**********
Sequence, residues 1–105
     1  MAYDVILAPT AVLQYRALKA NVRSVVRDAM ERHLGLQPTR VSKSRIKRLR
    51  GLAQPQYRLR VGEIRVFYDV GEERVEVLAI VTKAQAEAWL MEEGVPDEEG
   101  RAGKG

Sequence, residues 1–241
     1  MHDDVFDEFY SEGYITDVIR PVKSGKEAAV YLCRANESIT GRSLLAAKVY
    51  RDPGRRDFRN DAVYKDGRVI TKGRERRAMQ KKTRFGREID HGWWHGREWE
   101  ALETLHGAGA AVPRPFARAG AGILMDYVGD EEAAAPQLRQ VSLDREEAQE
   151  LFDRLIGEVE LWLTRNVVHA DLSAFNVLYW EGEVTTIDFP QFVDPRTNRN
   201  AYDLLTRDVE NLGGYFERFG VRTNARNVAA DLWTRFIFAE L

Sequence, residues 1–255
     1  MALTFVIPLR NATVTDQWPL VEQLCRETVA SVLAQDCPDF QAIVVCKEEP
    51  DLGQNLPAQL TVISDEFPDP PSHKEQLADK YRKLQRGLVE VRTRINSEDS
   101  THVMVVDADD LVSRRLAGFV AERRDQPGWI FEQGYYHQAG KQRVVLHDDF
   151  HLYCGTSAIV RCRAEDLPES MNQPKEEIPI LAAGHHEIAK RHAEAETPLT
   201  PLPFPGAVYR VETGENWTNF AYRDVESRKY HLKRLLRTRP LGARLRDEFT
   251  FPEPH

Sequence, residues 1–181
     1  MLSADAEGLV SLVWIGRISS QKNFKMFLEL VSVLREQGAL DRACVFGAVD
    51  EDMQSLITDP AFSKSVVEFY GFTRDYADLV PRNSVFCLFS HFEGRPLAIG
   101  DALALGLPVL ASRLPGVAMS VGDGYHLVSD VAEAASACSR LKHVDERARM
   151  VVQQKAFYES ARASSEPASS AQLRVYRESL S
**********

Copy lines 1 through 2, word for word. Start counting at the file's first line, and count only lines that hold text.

Sequence, residues 1–105
     1  MAYDVILAPT AVLQYRALKA NVRSVVRDAM ERHLGLQPTR VSKSRIKRLR